The Underground Railroad is at once the story of one woman’s ferocious will to escape the horrors of bondage and a shatteringly powerful meditation on history.
Cora is a slave on a cotton plantation in Georgia. All the slaves lead a hellish existence, but Cora has it worse than most; she is an outcast even among her fellow Africans and she is approaching womanhood, where it is clear even greater pain awaits.
When Caesar, a slave recently arrived from Virginia, tells her about the Underground Railroad, they take the perilous decision to escape to the North.In Whitehead’s razor-sharp imagining of the antebellum South, the Underground Railroad has assumed a physical form: a dilapidated box car pulled along subterranean tracks by a steam locomotive, picking up fugitives wherever it can. Cora and Caesar’s first stop is South Carolina, in a city that initially seems like a haven. But its placid surface masks an infernal scheme designed for its unknowing black inhabitants.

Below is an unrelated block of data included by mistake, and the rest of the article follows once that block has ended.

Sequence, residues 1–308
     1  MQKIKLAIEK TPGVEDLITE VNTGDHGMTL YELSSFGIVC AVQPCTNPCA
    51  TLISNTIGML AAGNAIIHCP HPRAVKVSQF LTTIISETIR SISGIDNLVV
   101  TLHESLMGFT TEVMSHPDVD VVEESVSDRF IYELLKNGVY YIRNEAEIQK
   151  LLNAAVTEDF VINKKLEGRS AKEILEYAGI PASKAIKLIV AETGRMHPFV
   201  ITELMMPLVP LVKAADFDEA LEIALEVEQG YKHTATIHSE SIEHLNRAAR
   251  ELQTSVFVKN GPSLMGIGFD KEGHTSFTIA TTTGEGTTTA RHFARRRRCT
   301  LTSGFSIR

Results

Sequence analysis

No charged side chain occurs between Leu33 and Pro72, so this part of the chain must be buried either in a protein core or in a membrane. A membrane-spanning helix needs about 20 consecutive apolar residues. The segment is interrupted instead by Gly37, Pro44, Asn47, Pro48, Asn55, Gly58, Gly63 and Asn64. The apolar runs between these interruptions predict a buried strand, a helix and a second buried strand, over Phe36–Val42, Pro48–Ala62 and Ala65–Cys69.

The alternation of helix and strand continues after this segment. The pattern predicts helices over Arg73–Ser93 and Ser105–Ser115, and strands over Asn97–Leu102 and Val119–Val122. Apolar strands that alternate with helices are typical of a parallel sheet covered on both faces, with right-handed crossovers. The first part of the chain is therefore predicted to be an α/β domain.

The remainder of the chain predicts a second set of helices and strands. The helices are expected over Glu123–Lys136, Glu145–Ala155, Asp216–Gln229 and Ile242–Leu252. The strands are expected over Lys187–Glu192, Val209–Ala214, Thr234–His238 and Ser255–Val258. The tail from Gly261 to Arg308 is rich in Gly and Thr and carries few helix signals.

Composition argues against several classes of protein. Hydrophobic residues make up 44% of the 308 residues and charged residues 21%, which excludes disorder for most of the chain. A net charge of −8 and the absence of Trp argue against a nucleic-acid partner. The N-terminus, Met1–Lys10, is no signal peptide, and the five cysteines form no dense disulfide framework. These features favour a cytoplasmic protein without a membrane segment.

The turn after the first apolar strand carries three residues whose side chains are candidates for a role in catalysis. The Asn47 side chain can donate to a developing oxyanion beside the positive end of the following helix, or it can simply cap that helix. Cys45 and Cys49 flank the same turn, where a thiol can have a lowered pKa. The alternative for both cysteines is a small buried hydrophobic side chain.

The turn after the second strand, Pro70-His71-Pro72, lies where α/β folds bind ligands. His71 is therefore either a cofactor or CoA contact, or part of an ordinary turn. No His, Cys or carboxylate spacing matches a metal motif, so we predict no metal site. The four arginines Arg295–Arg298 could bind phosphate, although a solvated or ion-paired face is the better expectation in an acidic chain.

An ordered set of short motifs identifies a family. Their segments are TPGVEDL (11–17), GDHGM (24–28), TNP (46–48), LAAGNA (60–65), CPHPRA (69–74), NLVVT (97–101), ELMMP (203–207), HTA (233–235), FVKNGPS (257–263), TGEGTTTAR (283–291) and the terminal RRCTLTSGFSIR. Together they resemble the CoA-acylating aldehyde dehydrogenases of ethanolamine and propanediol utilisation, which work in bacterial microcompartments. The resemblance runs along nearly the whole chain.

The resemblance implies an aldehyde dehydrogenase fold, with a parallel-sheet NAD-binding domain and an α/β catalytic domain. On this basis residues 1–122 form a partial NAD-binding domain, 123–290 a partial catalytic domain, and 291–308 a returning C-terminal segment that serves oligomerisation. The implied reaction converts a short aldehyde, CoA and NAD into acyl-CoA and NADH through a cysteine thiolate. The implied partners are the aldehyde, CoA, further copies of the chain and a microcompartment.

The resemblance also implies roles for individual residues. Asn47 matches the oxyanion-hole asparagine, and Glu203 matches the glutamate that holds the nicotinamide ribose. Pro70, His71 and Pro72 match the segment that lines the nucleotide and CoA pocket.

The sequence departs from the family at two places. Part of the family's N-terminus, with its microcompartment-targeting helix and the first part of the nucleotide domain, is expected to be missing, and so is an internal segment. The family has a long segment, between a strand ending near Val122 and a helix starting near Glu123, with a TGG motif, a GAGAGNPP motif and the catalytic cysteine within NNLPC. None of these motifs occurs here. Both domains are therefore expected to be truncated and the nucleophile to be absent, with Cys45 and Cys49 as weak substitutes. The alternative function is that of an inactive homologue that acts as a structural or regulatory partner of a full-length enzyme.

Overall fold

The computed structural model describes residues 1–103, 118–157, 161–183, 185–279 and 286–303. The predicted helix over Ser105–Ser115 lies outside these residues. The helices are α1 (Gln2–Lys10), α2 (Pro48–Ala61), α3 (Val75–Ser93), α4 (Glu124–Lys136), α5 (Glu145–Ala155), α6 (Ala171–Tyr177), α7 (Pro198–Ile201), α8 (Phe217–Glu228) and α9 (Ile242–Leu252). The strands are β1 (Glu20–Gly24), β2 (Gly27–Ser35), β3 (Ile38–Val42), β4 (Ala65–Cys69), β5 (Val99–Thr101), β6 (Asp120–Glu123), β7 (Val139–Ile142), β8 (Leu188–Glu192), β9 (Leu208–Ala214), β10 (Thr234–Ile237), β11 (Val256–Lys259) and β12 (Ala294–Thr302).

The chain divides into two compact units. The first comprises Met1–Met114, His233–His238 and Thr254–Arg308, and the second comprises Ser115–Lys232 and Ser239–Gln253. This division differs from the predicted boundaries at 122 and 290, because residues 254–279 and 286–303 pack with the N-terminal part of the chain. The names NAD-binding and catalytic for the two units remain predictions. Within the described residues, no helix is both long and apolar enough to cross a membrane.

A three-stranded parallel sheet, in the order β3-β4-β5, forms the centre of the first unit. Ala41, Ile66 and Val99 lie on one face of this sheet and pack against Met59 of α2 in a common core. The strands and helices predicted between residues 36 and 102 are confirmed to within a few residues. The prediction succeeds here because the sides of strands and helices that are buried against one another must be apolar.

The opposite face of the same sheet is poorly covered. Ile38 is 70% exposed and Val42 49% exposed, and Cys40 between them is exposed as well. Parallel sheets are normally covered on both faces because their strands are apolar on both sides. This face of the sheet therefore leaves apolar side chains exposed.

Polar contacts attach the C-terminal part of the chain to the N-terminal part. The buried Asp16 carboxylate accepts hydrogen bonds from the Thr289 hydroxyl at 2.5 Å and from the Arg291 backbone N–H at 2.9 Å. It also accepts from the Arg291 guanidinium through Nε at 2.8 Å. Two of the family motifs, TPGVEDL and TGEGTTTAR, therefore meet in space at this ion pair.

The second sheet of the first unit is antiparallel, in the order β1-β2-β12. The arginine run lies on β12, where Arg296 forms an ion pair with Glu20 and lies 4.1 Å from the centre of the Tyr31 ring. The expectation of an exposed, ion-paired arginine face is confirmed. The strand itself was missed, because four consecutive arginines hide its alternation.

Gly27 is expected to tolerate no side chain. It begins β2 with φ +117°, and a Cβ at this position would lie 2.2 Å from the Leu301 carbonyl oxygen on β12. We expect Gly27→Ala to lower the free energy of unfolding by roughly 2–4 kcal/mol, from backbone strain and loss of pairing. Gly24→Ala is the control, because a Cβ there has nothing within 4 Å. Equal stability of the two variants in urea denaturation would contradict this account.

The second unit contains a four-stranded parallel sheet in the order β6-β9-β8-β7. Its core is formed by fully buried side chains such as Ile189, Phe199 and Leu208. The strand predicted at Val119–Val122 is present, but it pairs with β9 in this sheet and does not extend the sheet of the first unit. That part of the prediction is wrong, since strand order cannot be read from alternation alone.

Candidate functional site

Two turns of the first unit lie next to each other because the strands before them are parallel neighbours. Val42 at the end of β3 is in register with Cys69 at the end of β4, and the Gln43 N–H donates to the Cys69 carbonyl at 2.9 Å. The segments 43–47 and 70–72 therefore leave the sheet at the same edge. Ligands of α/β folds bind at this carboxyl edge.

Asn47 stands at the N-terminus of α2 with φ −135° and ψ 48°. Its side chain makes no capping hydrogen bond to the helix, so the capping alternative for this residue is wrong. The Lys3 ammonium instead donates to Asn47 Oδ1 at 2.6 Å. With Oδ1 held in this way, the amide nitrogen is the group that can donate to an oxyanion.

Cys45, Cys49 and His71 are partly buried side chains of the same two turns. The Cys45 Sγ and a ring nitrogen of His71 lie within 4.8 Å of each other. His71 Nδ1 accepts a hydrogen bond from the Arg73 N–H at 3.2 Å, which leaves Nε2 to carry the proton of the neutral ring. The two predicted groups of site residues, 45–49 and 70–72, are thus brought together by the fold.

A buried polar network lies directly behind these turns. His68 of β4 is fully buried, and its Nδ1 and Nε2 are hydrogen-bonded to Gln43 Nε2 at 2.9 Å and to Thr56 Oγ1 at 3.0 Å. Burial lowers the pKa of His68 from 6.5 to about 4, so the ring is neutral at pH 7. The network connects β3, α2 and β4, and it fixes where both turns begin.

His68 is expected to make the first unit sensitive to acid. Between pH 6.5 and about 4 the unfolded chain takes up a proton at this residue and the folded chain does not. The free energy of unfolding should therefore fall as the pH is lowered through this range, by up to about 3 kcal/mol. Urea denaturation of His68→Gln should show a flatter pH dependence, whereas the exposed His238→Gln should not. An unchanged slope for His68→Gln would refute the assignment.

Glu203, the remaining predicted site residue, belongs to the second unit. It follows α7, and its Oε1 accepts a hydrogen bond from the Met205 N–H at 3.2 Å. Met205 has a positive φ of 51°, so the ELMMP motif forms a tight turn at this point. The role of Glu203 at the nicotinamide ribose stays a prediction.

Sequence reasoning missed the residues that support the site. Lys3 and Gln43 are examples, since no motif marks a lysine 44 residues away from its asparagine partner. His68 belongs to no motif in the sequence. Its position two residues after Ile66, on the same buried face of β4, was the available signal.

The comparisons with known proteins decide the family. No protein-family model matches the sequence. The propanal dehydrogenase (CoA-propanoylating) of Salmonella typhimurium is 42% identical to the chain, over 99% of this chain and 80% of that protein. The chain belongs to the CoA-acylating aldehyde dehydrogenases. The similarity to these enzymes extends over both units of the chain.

And even worse: Ridgeway, the relentless slave catcher sent to find Cora, is close on their heels. Forced to flee again, Cora embarks on a harrowing flight, state by state, seeking true freedom.At each stop on her journey, Cora encounters a different world. As Whitehead brilliantly recreates the unique terrors for black people in the pre-Civil War era, his narrative seamlessly weaves the saga of America, from the brutal importation of Africans to the unfulfilled promises of the present day.
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"I've been handselling this book something fierce – it is one of those astonishing, world-view-altering novels. Whitehead's imagination is so luminous it's hard to imagine the underground railroad as anything other than he describes it." — Julie
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